Plaza fountain leaves for renovation

Courtesy Kansas City Parks and Recreation Department.

A piece missing from the sculpture for decades will be part of it when the fountain reopens. Courtesy Kansas City Parks and Recreation Department.

A major Country Club Plaza attraction for tourists and citizens is gone, but the dramatic fountain with a soap opera history will return in the spring, rejuvenated for decades to come.

Workers carefully hauled off the statuary Wednesday from the east entrance of the Plaza.

The J.C. Nichols Memorial Fountain statuary will be cleaned and waxed, its pumps and motors upgraded, its concrete bases fixed and more.

JCN-4thDolphin-(1)A dolphin from the original sculpture in 1910 vanished over the years and was located in Florida. It will be restored to the statuary when the fountain reopens and a dolphin made to replace it will be displayed elsewhere in Mill Creek Park.

The restoration work was made possible largely by a $200,000 contribution from the Miller Nichols Charitable Foundation.

In the 1950s, Miller Nichols brought the fountain and sculptures to the city as a memorial for his father, J.C. Nichols.

Jocelyn Ball-Edson, landscape architect for the Parks Department, explained the symbolic significance of the statuary as proposed by a curator of the Nelson Atkins museum:

The “four horse-and-rider figures represent 4 rivers of the world, probably the Volga (with the bear); the Mississippi (with the alligator); the Rhine (rider fighting a merman, while draped in a ram’s skin); and the Seine (also fighting a merman). It’s a theory, but a good one, and I guess I would say the fish (“dolphin”) sculptures with the putti (children / cherubs) are a fairly common motif in European art, and fit nicely with the theme of rivers.”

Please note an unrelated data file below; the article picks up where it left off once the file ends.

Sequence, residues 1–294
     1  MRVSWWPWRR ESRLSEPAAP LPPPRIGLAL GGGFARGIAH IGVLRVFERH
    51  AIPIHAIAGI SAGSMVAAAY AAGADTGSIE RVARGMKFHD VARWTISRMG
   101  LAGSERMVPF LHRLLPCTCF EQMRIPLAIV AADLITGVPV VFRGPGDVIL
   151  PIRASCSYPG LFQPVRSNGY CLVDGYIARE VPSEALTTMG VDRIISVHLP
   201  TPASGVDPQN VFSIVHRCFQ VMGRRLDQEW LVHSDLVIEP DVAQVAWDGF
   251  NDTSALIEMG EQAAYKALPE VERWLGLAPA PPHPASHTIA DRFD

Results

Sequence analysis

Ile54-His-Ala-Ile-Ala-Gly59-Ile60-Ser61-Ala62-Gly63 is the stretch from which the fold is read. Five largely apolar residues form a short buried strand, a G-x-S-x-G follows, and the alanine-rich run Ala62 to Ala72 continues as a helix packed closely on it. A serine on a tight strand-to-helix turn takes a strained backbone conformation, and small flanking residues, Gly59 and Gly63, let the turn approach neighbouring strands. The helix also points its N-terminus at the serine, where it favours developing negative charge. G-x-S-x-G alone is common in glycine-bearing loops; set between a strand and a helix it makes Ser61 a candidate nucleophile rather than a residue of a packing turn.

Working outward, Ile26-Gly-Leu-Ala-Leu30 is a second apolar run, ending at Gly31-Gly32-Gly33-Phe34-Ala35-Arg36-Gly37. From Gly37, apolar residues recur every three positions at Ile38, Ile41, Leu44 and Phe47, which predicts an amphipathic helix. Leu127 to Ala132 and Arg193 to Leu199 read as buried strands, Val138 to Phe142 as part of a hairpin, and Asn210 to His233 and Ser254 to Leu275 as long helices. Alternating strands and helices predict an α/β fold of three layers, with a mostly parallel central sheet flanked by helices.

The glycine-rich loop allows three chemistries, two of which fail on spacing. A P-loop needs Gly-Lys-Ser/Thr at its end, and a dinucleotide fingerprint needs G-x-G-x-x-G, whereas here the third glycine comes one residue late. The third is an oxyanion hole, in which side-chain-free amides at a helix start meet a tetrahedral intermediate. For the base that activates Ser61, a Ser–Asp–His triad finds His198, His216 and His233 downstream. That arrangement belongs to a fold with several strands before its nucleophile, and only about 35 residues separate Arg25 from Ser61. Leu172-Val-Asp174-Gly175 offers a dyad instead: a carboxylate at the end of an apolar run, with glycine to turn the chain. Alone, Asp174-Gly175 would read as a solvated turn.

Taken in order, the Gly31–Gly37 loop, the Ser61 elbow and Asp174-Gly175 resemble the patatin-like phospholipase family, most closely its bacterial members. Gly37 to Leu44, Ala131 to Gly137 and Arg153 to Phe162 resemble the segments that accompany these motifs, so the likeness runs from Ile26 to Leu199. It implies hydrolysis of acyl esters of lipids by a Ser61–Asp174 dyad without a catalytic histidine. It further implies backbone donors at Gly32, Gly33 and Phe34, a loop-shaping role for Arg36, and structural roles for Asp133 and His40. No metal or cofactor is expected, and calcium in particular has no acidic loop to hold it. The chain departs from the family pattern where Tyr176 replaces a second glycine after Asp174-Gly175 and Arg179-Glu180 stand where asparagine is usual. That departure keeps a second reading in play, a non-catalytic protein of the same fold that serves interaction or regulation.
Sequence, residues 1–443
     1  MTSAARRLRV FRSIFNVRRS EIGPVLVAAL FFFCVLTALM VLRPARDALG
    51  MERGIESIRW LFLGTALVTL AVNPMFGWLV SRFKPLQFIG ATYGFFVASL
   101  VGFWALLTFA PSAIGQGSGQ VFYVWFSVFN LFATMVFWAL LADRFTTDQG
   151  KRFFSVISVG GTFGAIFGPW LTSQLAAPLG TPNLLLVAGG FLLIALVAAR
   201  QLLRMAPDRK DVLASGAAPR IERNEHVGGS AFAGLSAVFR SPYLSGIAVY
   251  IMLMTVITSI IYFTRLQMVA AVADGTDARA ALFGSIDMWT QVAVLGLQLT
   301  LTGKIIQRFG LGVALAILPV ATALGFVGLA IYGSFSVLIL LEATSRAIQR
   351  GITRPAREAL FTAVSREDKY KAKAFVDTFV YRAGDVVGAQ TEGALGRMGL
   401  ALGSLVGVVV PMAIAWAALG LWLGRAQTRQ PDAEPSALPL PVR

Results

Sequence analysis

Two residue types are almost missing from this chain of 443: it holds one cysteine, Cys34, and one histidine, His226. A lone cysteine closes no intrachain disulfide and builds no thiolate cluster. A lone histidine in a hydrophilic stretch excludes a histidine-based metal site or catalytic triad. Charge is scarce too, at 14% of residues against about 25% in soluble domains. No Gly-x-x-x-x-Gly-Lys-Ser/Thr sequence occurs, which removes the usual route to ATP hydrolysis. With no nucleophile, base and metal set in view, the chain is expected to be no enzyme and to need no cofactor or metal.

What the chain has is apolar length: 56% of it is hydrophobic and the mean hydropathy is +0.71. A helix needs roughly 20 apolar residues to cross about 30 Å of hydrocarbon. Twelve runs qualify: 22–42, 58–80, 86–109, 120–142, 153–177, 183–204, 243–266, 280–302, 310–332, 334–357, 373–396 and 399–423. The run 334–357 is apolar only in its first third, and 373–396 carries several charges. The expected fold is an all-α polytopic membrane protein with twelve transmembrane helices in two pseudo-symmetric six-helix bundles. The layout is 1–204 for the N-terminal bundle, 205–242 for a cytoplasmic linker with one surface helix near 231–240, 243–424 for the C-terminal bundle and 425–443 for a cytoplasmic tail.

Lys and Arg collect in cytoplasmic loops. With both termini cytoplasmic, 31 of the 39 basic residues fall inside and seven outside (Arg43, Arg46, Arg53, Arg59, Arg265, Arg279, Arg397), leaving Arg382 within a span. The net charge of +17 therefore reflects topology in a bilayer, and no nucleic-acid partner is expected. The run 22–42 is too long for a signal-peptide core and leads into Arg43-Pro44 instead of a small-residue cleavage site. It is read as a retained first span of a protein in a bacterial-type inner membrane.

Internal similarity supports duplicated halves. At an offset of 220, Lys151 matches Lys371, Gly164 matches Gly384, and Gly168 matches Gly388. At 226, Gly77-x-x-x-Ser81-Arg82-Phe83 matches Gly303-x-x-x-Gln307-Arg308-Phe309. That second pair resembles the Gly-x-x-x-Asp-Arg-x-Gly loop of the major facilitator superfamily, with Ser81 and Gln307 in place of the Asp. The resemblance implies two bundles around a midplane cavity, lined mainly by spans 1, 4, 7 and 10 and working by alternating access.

The statuary was created in Paris by French artist Henri Greber and the fountain originally was part of Harbor Hill, the Long Island mansion of industrialist Clarence H. Mackay, long one of the nation’s wealthiest men.

He was the son of John W. Mackay, a force in developing the richest silver miles in the Comstock Lode in Nevada in the 1860s and 70s, but Clarence was not like his father.

Clarence was respectable and restrained, a churchman, philanthropist, music lover, horseman, polo player, squash and tennis player, and bird hunter. His collection of medieval armor was so extensive he had a worker just to polish it.

But the great stock crash of 1929 hit him hard. In 1933, he was forced to sell some of his art and that armor is now in many museums. In 1933, he and his wife had to close Harbor Hill mansion. He died in 1938 with an estate valued at only 2 to 3 million dollars, up to 100 times less than it had once been worth.

The mansion and the fountain were vandalized, and the mansion demolished by dynamite in 1947.

Midtown KC Post file photo.

Midtown KC Post file photo.

The property went to a developer who built a series of homes on Harbor Hill in the late 1950s and early 1960s that is now known as Country Estates.

According to The City of Fountains book:

The Nichols family started toward purchase of the fountain in the early 1950s by raising private contributions. They raised more than $50,000, some of it donated by school children.

Artist Herman Fredrick Simon refurbished it in Kansas City and also created 14 missing pieces. It was dedicated here in 1960.

When it opens in the spring, it will be 105 years old and shining.

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